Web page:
Unfavorable conditions have not only hit Estonia's arable farming sector, but has also impacted the dairy sector so heavily that farmers in many cases only have around a half the usual amount of winter feed stocked up.
The scarcity of fodder and resulting price increases also exerts a pressure to reduce dairy herds, meaning that many dairy cows will instead be heading for the slaughterhouse, ETV news show "Aktuaalne kaamera" (AK) reported Monday.
The Viraito agricultural collective in Jõgeva County, has been feeding its cows with silage made from this year's early harvest, while pasture growth has been poor too.
Viraito agronomist Riho Kens told AK that: "Over the course of a normal year, we would expect three-quarters of the final volume to be stored by this time, while at present we have half at best. Fortunately, we have some very nice maize, with a very decent potential for a bumper harvest."
The fodder deficit has also pushed prices sky high, AK reported.
Kens said: "The most intriguing price I have come across up to now is €50 a for a bale of hay, while for silage the price is €150 per tonne, I've heard. In a normal year, the price stands at €50-60 per tonne."
Whereas another agricultural business, Pajusi ABF, also in Jõgeva County, says it would have collected around 6,000 haybales by this time of year, this year the figure was just 410 bales.
Similarly, whereas silage amassed would total around 4,000 tonnes by now, the figure is just 1,500 tonnes this year, and even that obtained by repurposing some crops.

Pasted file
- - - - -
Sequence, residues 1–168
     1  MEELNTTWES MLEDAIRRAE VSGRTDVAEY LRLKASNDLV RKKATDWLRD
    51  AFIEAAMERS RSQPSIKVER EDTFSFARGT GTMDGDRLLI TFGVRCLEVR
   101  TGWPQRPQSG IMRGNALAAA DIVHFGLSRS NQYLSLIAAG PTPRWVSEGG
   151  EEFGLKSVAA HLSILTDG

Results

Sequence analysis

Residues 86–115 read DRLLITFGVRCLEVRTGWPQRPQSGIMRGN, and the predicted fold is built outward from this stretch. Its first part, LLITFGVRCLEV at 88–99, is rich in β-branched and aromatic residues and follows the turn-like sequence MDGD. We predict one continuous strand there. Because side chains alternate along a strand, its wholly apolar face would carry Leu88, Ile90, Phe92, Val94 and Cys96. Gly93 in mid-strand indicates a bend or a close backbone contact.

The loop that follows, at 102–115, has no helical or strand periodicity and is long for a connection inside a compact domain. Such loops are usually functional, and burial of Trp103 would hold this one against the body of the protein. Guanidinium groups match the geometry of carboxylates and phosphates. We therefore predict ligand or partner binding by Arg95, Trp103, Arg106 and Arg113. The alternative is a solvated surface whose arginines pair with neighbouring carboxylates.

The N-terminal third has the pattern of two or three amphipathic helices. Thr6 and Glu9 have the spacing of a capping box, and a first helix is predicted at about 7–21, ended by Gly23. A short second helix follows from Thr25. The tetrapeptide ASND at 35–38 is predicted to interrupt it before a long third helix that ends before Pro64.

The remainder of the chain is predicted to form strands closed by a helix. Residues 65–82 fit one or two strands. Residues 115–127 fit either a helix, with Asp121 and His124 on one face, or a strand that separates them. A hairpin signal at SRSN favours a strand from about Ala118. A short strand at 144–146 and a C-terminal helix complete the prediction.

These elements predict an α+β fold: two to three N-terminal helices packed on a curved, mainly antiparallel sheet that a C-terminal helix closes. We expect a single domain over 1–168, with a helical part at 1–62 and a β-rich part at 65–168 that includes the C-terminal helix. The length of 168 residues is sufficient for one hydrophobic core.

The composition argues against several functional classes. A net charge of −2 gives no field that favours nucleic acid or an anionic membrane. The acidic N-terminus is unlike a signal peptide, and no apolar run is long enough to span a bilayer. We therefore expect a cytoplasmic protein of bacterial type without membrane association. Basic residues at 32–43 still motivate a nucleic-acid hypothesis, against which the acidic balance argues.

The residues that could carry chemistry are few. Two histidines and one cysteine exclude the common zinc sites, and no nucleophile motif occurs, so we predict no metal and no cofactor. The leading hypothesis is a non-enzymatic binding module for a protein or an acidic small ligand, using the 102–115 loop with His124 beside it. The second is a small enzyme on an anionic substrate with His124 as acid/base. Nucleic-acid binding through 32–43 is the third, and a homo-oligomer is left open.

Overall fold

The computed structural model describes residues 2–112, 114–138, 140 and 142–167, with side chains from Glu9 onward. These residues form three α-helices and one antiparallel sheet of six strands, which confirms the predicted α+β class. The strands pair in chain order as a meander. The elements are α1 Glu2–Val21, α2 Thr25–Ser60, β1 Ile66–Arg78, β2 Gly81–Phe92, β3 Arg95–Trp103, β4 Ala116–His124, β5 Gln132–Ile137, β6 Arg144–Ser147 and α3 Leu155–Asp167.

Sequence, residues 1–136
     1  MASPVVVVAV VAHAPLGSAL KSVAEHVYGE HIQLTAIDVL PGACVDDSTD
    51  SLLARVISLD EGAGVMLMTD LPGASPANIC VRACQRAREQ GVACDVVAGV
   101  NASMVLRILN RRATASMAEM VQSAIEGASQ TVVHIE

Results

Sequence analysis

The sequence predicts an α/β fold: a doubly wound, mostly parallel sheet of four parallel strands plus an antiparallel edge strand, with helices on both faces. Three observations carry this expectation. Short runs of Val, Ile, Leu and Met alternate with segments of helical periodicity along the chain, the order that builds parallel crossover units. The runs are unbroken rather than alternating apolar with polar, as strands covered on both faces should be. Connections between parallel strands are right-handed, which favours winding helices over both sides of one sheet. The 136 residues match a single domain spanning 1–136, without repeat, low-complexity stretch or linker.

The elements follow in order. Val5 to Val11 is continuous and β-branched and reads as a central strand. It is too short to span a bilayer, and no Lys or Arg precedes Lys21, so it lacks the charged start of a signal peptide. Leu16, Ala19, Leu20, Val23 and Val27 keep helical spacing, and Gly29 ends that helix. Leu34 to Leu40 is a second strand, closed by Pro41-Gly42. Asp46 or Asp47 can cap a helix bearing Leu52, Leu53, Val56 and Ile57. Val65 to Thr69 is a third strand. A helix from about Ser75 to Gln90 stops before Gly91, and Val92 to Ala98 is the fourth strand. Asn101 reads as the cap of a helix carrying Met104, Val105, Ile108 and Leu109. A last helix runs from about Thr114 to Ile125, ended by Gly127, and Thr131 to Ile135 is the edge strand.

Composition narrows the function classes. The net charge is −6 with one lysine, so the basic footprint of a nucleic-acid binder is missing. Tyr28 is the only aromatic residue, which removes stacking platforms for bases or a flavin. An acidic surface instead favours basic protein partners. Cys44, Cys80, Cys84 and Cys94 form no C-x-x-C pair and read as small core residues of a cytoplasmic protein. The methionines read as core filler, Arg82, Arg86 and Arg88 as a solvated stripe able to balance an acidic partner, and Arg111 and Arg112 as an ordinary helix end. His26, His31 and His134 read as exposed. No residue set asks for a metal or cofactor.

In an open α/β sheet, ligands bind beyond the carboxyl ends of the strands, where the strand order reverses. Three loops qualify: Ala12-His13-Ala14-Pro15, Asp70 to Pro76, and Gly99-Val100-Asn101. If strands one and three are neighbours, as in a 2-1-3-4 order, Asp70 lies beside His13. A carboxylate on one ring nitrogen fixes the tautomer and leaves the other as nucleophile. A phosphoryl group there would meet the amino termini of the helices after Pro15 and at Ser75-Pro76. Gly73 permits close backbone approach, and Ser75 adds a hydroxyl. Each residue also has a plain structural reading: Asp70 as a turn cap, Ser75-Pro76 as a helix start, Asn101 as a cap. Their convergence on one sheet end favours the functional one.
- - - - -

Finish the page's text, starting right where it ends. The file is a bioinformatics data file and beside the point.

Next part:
Lembit Paal, manager and owner at Pajusi ABF, said: "About half is still missing. Our annual feed requirement is 15,000 tonnes. We had to sacrifice rye this year and also harvested it for silage:"
This year's silage has already been fed to the livestock, Paal added, while the feed deficit and rising prices will have a knock-on effect on the price of milk – meaning that many dairy cattle will instead be destined for the slaughterhouse this year.
Meat buyers, as well as the breeders themselves, are anticipating this, Paal said,
"Since many who applied for grazing subsidies could not take their animals to the feeder before, it seems the end of August, or even September to October, they have started to liquidate their herds, which of course is an extremely sad state of affairs."
Milk prices are currently falling, but with the completion of a new dairy concern in the central Estonian town of Paide, they will start to rise again – since the demand for raw milk from dairy farmers will be increasing, Paal added.
Editor: Andrew Whyte, Merili Nael
Source: 'Aktuaalne kaamera', reporter Olev Kenk.